Of all the advice given to prevent false accusations, the common theme was to document.  One foster parent suggested taking photographs of scrapes and bruises along with a written report of the incident so that you have two pieces of evidence working together.  Some suggested asking whether or not the child has a history of lying or making false allegations before accepting the placement.  Yet another tip was to be conscious of being alone with the opposite gender with children who have a history of sexual abuse or of spreading lies.  While this can’t always be avoided, it’s important to be self-aware.  For example, there was a young man who volunteered with us at an orphanage overseas.  He was a very enthusiastic and physical touch kind of person.  He spent a significant amount of time with the girls (who adored him), butchered the language (which they thought was hilarious), and boisterously sang, danced, and joked his way around the orphanage (who doesn’t love to laugh?).  He probably spent the most time with the kids than any other volunteer, but it rubbed several people the wrong way.  There ended up being some contention between himself and the other volunteers, not because he was a bad guy, but because he wasn’t aware of how he was coming across.

 

While we see the children in our care as sons and daughters, we also need to approach our interactions with them professionally.  I see a lot of crossover between the boundaries and safeguards in teaching and in fostering.  As a teacher, I don’t initiate physical contact, either to show affection like giving a hug or to attempt to physically restrain an out of control child, and the same is more or less true for my foster children (albeit, I’ve only had very young kids so far).  Nevertheless, it might be a good exercise for parents to think through different scenarios and what your professional boundaries will be when you receive a placement.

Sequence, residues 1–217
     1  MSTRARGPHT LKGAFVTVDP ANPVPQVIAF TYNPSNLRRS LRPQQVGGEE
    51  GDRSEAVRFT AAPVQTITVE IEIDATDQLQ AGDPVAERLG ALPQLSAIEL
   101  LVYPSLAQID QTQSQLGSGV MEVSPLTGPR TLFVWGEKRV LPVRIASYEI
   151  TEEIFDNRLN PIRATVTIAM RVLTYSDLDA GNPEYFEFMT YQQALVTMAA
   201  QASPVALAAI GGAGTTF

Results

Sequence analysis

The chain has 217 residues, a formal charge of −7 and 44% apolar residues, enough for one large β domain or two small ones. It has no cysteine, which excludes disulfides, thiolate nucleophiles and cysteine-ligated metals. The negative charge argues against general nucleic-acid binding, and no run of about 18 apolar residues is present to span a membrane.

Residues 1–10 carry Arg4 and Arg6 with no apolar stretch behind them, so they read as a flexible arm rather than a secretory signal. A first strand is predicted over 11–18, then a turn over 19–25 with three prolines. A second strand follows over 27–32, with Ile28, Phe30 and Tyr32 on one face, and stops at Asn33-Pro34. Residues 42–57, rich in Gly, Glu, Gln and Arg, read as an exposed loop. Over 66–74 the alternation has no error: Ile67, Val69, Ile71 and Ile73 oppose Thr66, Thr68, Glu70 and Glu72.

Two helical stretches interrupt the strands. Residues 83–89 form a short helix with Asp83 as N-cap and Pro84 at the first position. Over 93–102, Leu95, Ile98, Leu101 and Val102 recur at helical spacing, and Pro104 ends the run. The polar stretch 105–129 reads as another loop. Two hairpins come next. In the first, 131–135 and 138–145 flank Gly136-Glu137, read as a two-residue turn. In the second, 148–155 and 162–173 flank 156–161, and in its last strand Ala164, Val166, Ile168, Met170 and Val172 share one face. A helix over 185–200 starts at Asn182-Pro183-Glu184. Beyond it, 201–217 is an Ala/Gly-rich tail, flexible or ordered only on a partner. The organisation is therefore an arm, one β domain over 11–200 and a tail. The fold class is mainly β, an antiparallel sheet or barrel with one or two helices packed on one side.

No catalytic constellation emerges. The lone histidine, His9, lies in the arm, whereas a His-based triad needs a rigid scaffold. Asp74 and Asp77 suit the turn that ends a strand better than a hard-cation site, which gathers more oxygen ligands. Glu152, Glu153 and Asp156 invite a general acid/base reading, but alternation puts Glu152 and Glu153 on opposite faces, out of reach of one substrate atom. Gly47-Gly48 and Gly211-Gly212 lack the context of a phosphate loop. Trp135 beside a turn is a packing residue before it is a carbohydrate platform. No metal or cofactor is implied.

The takeaway I want to leave you with is to keep records, whether daily or when an incident arises, and to stand firm in the face of uncertainty.  If we could see every difficulty we’ll encounter in life all at once, it’d seem insurmountable.  We’d want to quit before we even started.  We’d look at that list of challenges and heartaches and doubt that we’d ever be able to endure all those difficult things.  We’d never do anything truly great because all great things come with obstacles.  Thankfully, God has expressly told us not to worry about tomorrow and leads us through it one step at time with each hurdle making us stronger and better prepared for the next.  James 1:2-4 even talks about how we should be consider it pure joy to endure trials because it’s through them that we develop perseverance and maturity.  Be encouraged today that while there are potential injustices about fostering, we can spread awareness on how to better protect ourselves, we can take care of what we can control, and we can let the rest go.  The truth always comes out, and the battle belongs to the Lord.

Advertisements

  One thought on “False Allegations: A Follow Up

Leave a Reply

Fill in your details below or click an icon to log in:

WordPress.com Logo

You are commenting using your WordPress.com account. Log Out / Change )

Twitter picture

You are commenting using your Twitter account. Log Out / Change )

Facebook photo

You are commenting using your Facebook account. Log Out / Change )

Google+ photo

You are commenting using your Google+ account. Log Out / Change )

Connecting to %s

%d bloggers like this: